Ottawa soccer clubs welcome new law but says education needed on net safety

Photos taken approximately 10 minutes before Garrett Mills's death show him having fun at the park. A new Ontario law has been named after Mills. (Facebook - image credit)

Ottawa soccer clubs are welcoming new provincial legislation that requires moveable nets to be secured but also say more time needs to be spent educating kids on safety in the sport.

Garrett's Legacy Act, which received royal assent last week, lays out requirements for safe usage of movable soccer goals that are used by members of the public.

The act is named after 15-year-old Garrett Mills from Napanee, Ont., who died instantly in 2017 when a 90-kilogram movable soccer net fell on top of him after he had been hanging from it.

Those new requirements include placing moveable nets on a level surface, securely attaching them to the ground if located outdoors and securely attaching to the floor using weights if located indoors.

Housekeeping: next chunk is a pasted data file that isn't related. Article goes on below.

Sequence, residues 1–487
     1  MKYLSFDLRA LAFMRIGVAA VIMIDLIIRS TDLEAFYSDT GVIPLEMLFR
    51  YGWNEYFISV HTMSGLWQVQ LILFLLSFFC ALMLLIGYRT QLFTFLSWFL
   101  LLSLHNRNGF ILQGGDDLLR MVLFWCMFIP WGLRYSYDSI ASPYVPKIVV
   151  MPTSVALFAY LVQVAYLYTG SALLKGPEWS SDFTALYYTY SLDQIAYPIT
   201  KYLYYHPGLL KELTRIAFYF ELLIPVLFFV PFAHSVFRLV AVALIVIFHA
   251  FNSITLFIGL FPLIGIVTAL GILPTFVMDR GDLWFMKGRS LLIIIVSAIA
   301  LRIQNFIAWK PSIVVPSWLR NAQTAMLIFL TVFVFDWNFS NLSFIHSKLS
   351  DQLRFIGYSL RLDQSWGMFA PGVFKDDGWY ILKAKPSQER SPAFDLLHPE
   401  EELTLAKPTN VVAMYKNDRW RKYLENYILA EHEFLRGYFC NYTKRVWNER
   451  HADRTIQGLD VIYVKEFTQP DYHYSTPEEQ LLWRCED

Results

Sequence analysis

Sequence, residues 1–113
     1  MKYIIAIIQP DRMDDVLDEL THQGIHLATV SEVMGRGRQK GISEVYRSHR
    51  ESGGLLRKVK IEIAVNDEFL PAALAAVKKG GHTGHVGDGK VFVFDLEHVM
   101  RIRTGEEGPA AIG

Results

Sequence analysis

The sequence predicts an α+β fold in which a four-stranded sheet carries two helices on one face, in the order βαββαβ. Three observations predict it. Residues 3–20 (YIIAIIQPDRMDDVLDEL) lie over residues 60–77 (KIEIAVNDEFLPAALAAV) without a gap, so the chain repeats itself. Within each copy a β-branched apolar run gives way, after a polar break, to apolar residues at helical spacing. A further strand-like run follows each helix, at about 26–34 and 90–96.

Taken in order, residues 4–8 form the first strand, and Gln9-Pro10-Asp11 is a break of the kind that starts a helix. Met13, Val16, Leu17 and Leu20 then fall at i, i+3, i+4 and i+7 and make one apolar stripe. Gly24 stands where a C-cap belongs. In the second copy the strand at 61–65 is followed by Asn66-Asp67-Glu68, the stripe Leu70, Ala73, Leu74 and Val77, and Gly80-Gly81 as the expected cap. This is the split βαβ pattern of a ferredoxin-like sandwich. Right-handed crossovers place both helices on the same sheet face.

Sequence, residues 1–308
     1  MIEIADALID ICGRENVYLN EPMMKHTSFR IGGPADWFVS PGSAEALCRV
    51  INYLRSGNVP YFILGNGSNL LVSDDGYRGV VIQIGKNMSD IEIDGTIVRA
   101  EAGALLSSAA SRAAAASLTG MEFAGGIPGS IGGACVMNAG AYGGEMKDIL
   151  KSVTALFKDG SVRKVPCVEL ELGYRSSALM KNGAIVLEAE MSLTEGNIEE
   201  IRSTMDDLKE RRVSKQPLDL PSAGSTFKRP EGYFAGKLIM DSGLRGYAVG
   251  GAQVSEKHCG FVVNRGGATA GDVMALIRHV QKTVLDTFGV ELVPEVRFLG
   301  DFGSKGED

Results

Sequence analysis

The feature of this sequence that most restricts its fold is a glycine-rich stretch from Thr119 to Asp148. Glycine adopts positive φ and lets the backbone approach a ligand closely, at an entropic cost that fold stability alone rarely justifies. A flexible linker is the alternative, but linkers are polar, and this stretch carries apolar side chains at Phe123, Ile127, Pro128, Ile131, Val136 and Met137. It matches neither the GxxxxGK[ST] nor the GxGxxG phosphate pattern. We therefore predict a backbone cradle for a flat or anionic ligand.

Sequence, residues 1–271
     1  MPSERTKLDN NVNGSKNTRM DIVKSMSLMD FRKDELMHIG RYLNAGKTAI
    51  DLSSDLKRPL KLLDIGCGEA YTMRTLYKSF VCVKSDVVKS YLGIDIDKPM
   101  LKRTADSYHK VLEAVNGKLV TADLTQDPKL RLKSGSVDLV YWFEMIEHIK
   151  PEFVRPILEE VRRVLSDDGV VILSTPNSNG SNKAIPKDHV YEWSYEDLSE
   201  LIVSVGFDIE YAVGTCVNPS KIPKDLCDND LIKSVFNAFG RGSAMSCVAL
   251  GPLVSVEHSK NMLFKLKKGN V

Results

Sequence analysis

The penalty for failing to comply with the requirements prescribed in the bill is a fine of $500 each day the offence occurs up to a maximum of $5,000.

'We're going to have to make the adjustment'

"It's absolutely tragic. It's unfathomable to me that something like that happened," said Ottawa South United Soccer (OSU) president and coach Bill Michalopoulos of Garrett's death.

Throughout his 30 years of coaching, Michalopoulos said it's all too common for kids to find themselves tempted to climb nets and place themselves in potentially unsafe situations.

It's why the OSU, and many other clubs, have switched from metal nets to lightweight, collapsible nets that are impossible to climb.

"The few portable nets that we have that are metal, we're going to have to make the adjustment," said Michalopoulos.

Kim Gamble, executive director for Ottawa City Soccer Club, said she also welcomes the new legislation, but said educating players on safe practice remains important.

"Making sure all facilities, all those involved have a really good awareness of what the requirements are and the accessibility of making sure the right materials are available," she said.

Ontario Soccer, which oversees soccer clubs and associations across the province, updated its policies around moveable nets Wednesday to align with the new legislation.